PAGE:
Tools for Analyzing Exemplified and Markush Structures in Chemical Patents

presentation · 10 years ago
by Christopher Kibbey (Pfizer)
Markush search Markush enumeration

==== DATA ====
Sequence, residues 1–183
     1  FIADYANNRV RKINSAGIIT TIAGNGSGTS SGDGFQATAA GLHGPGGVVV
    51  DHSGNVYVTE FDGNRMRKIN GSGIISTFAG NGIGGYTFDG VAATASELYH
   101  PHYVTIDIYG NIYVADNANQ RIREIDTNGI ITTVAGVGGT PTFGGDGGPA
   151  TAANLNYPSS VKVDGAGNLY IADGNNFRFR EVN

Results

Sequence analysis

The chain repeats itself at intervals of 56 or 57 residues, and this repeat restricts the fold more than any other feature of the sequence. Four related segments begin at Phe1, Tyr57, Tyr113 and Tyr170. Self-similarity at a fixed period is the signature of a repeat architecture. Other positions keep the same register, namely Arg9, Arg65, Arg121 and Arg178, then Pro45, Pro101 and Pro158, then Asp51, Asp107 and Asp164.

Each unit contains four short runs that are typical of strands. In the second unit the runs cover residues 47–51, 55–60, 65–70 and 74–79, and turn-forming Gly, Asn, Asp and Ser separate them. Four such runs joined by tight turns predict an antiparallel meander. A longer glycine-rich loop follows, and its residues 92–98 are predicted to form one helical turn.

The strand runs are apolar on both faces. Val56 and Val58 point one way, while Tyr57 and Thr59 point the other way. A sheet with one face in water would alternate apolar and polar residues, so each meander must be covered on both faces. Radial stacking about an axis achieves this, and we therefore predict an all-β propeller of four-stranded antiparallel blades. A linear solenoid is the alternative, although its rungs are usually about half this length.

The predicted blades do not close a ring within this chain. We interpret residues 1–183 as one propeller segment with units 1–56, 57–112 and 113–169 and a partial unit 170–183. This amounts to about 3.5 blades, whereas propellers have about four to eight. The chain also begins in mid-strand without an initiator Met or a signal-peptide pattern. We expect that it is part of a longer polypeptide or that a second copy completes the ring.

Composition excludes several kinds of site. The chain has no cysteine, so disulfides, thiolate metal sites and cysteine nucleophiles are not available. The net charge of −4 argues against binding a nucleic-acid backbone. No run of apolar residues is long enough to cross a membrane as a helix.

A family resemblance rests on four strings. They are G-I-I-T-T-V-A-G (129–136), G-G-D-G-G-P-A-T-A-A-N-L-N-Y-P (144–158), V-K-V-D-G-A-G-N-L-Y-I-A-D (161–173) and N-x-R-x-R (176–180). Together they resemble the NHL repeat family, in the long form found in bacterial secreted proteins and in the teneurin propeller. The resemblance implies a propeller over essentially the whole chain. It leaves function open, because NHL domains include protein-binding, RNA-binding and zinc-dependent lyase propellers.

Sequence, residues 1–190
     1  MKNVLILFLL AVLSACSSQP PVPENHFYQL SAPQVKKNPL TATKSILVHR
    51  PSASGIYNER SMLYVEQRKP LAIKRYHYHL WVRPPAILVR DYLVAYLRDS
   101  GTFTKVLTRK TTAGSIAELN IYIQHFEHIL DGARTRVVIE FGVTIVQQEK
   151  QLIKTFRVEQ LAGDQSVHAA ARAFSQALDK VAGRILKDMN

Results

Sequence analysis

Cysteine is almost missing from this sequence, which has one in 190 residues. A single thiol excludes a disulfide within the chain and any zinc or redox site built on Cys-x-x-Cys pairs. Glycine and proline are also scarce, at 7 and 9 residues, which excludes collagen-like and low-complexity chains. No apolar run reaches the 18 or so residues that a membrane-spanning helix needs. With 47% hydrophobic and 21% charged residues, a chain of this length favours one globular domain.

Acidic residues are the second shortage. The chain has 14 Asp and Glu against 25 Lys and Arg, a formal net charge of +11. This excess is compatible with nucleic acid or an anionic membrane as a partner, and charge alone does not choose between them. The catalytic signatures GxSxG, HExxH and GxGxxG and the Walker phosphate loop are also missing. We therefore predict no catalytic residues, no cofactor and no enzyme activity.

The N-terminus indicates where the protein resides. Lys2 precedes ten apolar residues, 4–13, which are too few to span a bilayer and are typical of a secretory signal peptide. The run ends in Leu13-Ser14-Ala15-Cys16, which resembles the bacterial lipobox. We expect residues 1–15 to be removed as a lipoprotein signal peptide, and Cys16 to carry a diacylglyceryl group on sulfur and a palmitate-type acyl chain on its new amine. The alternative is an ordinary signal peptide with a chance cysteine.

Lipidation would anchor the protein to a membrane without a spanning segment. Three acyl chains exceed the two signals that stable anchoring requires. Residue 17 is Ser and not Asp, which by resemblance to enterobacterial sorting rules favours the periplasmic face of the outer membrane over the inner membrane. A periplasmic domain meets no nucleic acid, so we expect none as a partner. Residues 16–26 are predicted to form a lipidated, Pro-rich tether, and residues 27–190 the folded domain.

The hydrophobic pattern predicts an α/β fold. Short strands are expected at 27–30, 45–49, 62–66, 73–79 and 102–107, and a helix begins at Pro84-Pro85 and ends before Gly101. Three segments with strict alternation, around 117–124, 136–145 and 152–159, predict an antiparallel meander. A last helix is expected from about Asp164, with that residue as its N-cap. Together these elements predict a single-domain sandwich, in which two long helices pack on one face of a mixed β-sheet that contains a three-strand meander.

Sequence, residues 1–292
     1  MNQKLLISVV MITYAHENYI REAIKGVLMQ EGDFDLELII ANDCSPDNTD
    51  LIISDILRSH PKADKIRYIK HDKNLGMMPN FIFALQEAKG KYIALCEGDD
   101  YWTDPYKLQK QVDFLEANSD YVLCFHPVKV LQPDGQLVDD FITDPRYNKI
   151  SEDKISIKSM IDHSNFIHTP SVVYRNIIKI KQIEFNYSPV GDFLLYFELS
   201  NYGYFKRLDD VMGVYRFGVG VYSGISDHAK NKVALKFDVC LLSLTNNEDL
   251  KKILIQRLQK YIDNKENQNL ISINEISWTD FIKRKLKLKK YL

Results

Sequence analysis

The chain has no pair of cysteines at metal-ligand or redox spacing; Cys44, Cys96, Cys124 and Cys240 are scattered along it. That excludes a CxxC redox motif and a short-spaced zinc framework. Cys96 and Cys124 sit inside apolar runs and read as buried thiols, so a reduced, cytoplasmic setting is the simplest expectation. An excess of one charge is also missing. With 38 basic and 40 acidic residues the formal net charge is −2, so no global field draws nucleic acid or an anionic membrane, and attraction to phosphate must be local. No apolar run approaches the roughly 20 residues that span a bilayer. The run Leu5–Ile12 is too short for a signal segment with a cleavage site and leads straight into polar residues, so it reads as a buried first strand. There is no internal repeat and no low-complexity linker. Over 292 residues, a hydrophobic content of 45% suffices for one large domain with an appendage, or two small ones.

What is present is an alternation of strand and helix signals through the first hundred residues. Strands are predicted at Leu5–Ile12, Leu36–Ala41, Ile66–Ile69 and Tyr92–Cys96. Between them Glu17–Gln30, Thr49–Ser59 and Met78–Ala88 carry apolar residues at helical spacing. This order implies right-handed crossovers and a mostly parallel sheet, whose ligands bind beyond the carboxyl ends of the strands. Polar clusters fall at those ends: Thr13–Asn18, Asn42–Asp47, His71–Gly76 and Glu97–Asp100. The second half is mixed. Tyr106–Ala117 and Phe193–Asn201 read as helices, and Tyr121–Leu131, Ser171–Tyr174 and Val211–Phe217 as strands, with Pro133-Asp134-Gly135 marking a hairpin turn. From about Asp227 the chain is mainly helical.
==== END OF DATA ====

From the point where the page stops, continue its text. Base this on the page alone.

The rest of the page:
Medicinal chemists rely on patent intelligence at three distinct junctures of a research project: inception of an idea, ongoing competitive intelligence during project development, and preparation of the patent application. Typically, a medicinal chemist collaborates with expert information scientists and patent attorneys to evaluate competitor's intellectual property in order to assess where drug design efforts should be focused. The availability of comprehensive databases of exemplified and Markush structures make it feasible for medicinal chemists to carryout preliminary IP analyses on their own. The search capabilities of these databases generally are limited to substructure and similarity comparisons and few tools exist to fully evaluate and visualize the chemical space disclosed within a patent. To address the need for better IP analysis tools, Pfizer has developed a suite of patent analysis tools and made these available to medicinal chemists throughout the research organization. In addition to performing substructure, similarity and exact match searching against databases of exemplified structures from patents, two of these tools compare structures based on an overlay of their reduced graph representations to facilitate analysis and visualization of the chemical fragments within a set of exemplified structures, and rank order a set of patents by structural relevance to one or more query molecules. Lastly, a Markush tool has been developed to facilitate analysis of the detailed chemical space disclosed within a patent. Using this tool, medicinal chemists can perform substructure and exact match searches against Markush structures from patents of interest and enumerate representative structures from the search hits.

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